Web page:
||Long-term outcomes after pancreaticoduodenectomy using pair-watch suturing technique: Different roles of pancreatic duct dilatation and remnant pancreatic volume for the development of pancreatic endocrine and exocrine dysfunction
Background: We evaluated long-term outcomes including endo- and exocrine functions after pancreaticoduodenectomy (PD) with standardized ancreaticojejunostomy, paying attention to postoperative pancreatic duct dilatation (PDD) and remnant pancreatic volume (RPV), and examined whether postoperative pancreatic fistula (POPF) influenced the configuration of remnant pancreas. Methods: We analyzed the records of 187 patients with PD who could have RPV measured by CT volumetry at 1 month after operation and had been followed for more than 6 months. We assessed the risk factors of diabetes mellitus (DM) and PDD, and evaluated association between RPV and pancreatic endo- and exocrine functions assessed by several markers such as albumin, cholesterol, amylase and HbA1c. Results: Regarding RPV, pancreatic exocrine functions were significantly impaired in the small-volume group (SVG: less than 10 ml) than in the large-volume group (LVG: 10 ml or more). The incidence of new-onset or exacerbation of DM did not differ between SVG and LVG. PDD and the primary disease (pancreatic ductal adenocarcinoma compared to bile duct cancer) were selected as the independent risk factors of new-onset or exacerbation of DM by multivariate analysis. Unexpectedly, there was no significant association between POPF and PDD. Conclusions: Early occurrence of POPF after PD did not influence the development of PDD in late period, and long-term follow-up should be made by paying attention to PDD and RPV, because PDD was recognized as the most important risk factor of new-onset or exacerbation of DM and the patients with small RPV suffered from prolonged exocrine dysfunction rather than endocrine dysfunction.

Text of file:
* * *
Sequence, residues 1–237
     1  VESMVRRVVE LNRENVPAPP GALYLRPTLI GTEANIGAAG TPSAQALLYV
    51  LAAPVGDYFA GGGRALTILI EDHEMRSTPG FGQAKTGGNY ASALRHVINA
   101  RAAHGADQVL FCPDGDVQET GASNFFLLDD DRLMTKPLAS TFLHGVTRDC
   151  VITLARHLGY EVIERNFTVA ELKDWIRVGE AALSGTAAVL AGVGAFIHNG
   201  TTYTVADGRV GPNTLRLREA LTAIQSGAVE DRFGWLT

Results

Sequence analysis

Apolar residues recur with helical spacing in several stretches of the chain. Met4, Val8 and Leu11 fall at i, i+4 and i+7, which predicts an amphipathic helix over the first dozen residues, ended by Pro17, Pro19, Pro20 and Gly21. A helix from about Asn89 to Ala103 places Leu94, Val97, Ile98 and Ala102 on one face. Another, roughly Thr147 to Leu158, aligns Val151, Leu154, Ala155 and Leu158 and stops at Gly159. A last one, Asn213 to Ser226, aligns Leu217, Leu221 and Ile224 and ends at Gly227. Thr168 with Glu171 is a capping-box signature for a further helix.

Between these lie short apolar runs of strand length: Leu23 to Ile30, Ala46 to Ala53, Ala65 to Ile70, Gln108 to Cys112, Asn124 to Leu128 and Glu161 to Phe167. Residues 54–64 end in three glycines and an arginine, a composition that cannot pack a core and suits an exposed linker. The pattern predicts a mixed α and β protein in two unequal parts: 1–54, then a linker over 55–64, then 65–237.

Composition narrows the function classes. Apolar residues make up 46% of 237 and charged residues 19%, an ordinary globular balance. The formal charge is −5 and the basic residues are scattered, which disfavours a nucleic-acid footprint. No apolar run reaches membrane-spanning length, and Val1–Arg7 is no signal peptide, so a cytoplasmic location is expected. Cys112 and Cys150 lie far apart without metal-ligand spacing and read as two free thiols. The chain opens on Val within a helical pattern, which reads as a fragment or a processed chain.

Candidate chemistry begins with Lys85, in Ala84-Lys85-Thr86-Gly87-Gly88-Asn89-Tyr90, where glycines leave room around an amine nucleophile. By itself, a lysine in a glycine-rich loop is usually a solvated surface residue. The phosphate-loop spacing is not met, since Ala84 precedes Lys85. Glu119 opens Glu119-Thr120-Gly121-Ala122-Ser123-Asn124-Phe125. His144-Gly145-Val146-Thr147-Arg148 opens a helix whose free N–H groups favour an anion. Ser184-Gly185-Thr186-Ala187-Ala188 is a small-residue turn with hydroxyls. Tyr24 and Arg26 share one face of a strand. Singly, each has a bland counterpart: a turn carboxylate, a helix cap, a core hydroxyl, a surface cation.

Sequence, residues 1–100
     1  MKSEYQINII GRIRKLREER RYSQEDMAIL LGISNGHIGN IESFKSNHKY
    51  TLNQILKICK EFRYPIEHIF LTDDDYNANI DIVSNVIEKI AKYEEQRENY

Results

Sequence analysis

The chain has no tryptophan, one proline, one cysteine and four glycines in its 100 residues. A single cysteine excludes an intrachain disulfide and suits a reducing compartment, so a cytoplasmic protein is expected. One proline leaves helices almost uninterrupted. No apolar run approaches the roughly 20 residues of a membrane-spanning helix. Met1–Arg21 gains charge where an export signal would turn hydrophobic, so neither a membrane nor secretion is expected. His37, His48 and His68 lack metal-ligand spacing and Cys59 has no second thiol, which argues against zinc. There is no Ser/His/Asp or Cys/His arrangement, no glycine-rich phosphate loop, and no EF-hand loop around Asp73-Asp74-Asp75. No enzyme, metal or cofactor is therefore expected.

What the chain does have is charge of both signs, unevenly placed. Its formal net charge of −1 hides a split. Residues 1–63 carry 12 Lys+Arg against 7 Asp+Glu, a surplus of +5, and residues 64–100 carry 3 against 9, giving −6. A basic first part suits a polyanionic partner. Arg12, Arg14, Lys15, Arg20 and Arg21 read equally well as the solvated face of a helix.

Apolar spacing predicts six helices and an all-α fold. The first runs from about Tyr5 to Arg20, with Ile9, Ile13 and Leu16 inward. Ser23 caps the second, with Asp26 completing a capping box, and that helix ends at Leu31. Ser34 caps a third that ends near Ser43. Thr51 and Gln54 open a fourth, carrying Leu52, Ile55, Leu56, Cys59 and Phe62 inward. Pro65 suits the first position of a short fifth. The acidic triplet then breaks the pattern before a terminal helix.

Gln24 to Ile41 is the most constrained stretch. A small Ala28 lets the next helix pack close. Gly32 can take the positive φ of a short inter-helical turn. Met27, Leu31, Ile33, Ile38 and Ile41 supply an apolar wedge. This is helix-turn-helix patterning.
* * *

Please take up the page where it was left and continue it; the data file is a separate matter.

本文 / Department of Hepatobiliary Pancreatic and Transplant Surgery, Mie University Graduate School of Medicine